MORAGA -- The next chapter in the captivating tale of Saint Mary's College, the little school in this bucolic East Bay suburb making a name for itself in college basketball, warming hearts around the bay and across the country, is a bittersweet fable.

Saint Mary's received a searing rebuke from NCAA enforcement operatives, who on Friday released a report detailing numerous recruiting violations resulting in penalties for the men's basketball program and respected coach Randy Bennett.

Since arriving in 2001 and inheriting a program so pitiful it won but two of 29 games the previous season, Bennett has turned Saint Mary's into a regional power and national presence, with four NCAA Tournament appearances and a current streak of six consecutive seasons with at least 25 victories.

And now Bennett and his accomplishments must bear the unsightly stain of this 35-page report issued by the imperious folks at the NCAA Division I Committee on Infractions.

Though Saint Mary's was spared the dreaded ban from postseason play, it was severely bruised by a paddling that could have implications for the better part of the decade.

The report cites Bennett for failing to properly monitor his program and promote an atmosphere of compliance, penalizing the coach with a five-game suspension to be served at the start of the 2013-14 West Coast Conference season, as well as a ban on off-campus recruiting for the entire 2013-14 academic year.


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Among the 12 punitive measures taken against Saint Mary's are public reprimand and censure, four years of probation beginning immediately and the loss of two scholarships for each of the next two years, during which there also will be no allowance for coach-supervised "skill instruction" workouts.

And, yes, this means curbing the development of current Saint Mary's basketball players, none of whom is involved.

"This isn't about them,'' Bennett said Friday afternoon. "This isn't on them. They didn't do anything wrong."

It's a high price indeed insofar as the man at the core of the investigation is former assistant coach Keith Moss, who spent less than two seasons at Saint Mary's before resigning in 2009.

Moss is believed to be the only person who had direct contact with the three recruits, all from France, at the center of the investigation and related to the primary violations. None of those players ever came to Saint Mary's, much less put on a Gaels jersey.

Such direct and conspicuous punishment serves as a piercing reminder to those coaches outside the protective bubble generally provided by a traditional powerhouse. The rules are different and, perhaps, always will be.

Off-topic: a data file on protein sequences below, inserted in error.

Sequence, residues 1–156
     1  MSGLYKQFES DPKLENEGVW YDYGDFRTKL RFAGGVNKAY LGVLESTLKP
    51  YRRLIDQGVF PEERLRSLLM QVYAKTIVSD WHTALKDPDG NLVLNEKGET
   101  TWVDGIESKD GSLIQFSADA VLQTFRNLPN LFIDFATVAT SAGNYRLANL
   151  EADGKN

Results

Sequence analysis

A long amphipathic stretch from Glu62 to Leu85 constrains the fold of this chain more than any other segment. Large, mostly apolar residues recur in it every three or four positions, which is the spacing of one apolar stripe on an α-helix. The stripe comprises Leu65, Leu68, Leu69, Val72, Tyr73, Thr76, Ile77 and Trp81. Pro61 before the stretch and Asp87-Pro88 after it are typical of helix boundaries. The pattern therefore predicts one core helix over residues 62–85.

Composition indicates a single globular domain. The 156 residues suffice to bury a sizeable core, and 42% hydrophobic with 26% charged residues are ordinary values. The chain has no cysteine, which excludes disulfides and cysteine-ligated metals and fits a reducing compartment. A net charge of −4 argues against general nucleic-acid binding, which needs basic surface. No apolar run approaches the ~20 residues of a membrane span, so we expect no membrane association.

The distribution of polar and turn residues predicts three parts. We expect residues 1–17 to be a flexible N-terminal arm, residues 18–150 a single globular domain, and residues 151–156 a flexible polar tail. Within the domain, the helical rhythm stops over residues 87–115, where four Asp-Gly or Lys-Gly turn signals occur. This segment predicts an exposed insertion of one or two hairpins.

As a small school in a so-called mid-major conference, Saint Mary's is infinitely more vulnerable to severe punishment in the wake of relatively inconsequential infractions than such high majors as Kentucky and Duke and North Carolina -- schools that keep TV revenue rolling in.

This is another reason coaches climb all over each other chasing jobs at the highest possible levels of college basketball. Power and influence generally tend to provide a certain amount of insulation from receiving a punishment bigger than the crime.

Put simply, NCAA watchdogs would find violations in any program they'd care to devote eyesight and energy. Head coaches realize this. Assistants also know. Student-athletes quickly learn. Alumni often are involved.

That Saint Mary's imposed punishments upon itself was insufficient for the NCAA. The school proposed two years of probation and got four. The school's proposal to surrender one scholarship for one year and that was doubled to two and two.

Saint Mary's proposed that Bennett be restricted from off-campus recruiting for two specific periods, including next month. He instead was nailed for the academic year.

What troubles coaches and administrators at many institutions is the lack of consistency regarding both oversight and punishment. And what bothers many who care about big-time college sports are arbitrary applications of punishment, the timing of announcements and the inconsistencies among its member institutions.

The NCAA investigated both Baylor basketball teams and found violations by both. Men's coach Scott Drew and his assistant made hundreds of illegal phone calls and text messages. Women's coach Kim Mulkey and her staff did the same. During the recruitment of Brittney Griner, which began no later than 2007, Mulkey personally made an illegal personal recruiting pitch to Griner's father, as reported by ESPN.

Facts: Mulkey was named coach of the year in 2012, when Griner was named Player of the Year and the team went 40-0 to win the national championship.

Conclusion: The NCAA nailed Baylor with three years of probation, exactly what it had imposed upon itself. The announcement was made one week after the Lady Bears won the national championship game.

Saint Mary's may wonder about the timing, on the verge of March Madness. It surely believes the punishment excessive. Maybe that's why the school may file an appeal.

Good luck with that. The program that made Omar Samhan famous is going to need it.

Contact Monte Poole at mpoole@bayareanewsgroup.com. Follow him on Twitter at twitter.com/1montepoole.